The inner chamber has a smaller volume than the outer chamber and thus consumes less gas during the deposition process than would the outer chamber used alone. Also, the smaller chamber volume allows the exhaust system to pump the chamber more quickly, thus increasing the rate of the CVD process. In addition, the exemplary showerhead is made of a material, like silicon, which can be easily passivated to reduce reaction with reactive gases, thus reducing chemical-vapor buildup in the showerhead. Also, the exemplary showerhead includes a configuration of holes that permits uniform gas flow.
BRIEF DESCRIPTION OF THE DRAWINGS
FIG. 1 is a side view of an exemplary deposition reactor according to the invention;
FIG. 2 is a top view of an exemplary gas-distribution fixture according to the invention;
FIG. 3 is a flowchart showing an exemplary method according to the invention; and
FIG. 4 is a diagram of an exemplary deposition system 400 incorporating a set of four deposition stations similar in structure and function to system 100 of FIG. 1.
DESCRIPTION OF THE PREFERRED EMBODIMENTS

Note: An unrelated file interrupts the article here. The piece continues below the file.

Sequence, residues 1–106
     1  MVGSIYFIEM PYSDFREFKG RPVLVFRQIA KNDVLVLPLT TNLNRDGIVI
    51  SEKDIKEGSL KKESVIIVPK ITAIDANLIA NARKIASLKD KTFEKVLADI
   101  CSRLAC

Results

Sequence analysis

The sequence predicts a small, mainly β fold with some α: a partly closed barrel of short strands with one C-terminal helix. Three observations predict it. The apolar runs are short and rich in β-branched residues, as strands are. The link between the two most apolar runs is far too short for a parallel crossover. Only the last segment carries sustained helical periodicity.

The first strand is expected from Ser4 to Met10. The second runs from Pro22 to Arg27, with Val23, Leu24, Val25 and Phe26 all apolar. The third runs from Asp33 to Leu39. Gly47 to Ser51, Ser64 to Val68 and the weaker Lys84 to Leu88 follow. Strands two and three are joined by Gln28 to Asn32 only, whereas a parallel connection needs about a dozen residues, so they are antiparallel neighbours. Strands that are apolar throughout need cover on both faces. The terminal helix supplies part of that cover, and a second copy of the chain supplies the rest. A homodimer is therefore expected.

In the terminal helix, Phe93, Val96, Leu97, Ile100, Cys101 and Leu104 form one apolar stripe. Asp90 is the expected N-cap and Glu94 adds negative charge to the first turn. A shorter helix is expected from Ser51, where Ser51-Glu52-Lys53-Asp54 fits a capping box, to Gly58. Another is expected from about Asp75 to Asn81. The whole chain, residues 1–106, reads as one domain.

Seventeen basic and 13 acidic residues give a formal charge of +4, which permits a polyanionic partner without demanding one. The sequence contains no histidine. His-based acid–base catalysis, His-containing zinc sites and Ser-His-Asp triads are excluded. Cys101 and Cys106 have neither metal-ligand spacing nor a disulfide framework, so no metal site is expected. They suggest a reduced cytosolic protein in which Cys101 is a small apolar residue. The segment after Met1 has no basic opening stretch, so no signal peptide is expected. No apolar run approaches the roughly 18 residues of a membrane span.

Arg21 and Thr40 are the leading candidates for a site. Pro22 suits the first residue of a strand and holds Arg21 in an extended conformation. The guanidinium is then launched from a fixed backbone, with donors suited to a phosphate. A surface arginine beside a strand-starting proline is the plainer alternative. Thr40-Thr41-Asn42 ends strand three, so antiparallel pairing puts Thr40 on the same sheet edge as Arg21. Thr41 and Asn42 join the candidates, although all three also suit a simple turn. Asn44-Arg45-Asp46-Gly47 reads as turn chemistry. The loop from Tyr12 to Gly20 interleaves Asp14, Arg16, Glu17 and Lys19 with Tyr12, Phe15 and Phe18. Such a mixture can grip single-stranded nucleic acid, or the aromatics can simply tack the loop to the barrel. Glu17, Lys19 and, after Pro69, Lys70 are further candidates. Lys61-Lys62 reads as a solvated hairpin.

following detailed description, which references and incorporates FIGS. 1-4, describes and illustrates specific embodiments of the invention. These embodiments, offered not to limit but only to exemplify and teach the invention, are shown and described in sufficient detail to enable those skilled in the art to make and use the invention. Thus, where appropriate to avoid obscuring the invention, the description may omit certain information known to those of skill in the art.
FIG. 1 shows an exemplary chemical-vapor-deposition system 100 which incorporates teachings of the present invention. In particular, system 100 includes a chamber 110, a wafer holder 120, a gas-distribution fixture 130, a gas supply system 140, and exhaust pump 150, and a exhaust pump 160.